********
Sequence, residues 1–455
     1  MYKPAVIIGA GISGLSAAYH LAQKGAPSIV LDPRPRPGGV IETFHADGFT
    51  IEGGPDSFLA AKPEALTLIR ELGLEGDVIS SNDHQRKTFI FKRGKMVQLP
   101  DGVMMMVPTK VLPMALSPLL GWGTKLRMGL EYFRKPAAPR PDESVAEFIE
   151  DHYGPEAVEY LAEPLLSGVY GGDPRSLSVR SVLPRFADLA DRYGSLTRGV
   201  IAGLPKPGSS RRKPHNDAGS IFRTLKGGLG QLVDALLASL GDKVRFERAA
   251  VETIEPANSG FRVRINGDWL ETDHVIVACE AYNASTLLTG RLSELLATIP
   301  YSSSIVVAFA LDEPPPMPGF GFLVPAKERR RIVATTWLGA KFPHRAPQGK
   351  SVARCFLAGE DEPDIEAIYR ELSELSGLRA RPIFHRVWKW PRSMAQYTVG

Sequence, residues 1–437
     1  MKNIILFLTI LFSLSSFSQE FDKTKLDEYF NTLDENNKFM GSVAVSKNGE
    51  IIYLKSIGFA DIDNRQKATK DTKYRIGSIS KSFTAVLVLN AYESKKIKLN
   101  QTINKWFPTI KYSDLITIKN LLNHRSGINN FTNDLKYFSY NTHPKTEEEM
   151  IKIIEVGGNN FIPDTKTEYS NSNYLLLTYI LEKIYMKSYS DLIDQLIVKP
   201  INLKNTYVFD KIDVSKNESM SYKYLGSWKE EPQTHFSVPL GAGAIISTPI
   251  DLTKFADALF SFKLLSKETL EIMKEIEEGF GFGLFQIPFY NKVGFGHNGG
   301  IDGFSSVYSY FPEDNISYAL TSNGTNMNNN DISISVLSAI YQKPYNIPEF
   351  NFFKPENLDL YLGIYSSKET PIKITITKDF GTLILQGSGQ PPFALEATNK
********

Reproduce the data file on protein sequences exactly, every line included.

Sequence, residues 1–455
     1  MYKPAVIIGA GISGLSAAYH LAQKGAPSIV LDPRPRPGGV IETFHADGFT
    51  IEGGPDSFLA AKPEALTLIR ELGLEGDVIS SNDHQRKTFI FKRGKMVQLP
   101  DGVMMMVPTK VLPMALSPLL GWGTKLRMGL EYFRKPAAPR PDESVAEFIE
   151  DHYGPEAVEY LAEPLLSGVY GGDPRSLSVR SVLPRFADLA DRYGSLTRGV
   201  IAGLPKPGSS RRKPHNDAGS IFRTLKGGLG QLVDALLASL GDKVRFERAA
   251  VETIEPANSG FRVRINGDWL ETDHVIVACE AYNASTLLTG RLSELLATIP
   301  YSSSIVVAFA LDEPPPMPGF GFLVPAKERR RIVATTWLGA KFPHRAPQGK
   351  SVARCFLAGE DEPDIEAIYR ELSELSGLRA RPIFHRVWKW PRSMAQYTVG

Sequence, residues 1–437
     1  MKNIILFLTI LFSLSSFSQE FDKTKLDEYF NTLDENNKFM GSVAVSKNGE
    51  IIYLKSIGFA DIDNRQKATK DTKYRIGSIS KSFTAVLVLN AYESKKIKLN
   101  QTINKWFPTI KYSDLITIKN LLNHRSGINN FTNDLKYFSY NTHPKTEEEM
   151  IKIIEVGGNN FIPDTKTEYS NSNYLLLTYI LEKIYMKSYS DLIDQLIVKP
   201  INLKNTYVFD KIDVSKNESM SYKYLGSWKE EPQTHFSVPL GAGAIISTPI
   251  DLTKFADALF SFKLLSKETL EIMKEIEEGF GFGLFQIPFY NKVGFGHNGG
   301  IDGFSSVYSY FPEDNISYAL TSNGTNMNNN DISISVLSAI YQKPYNIPEF
   351  NFFKPENLDL YLGIYSSKET PIKITITKDF GTLILQGSGQ PPFALEATNK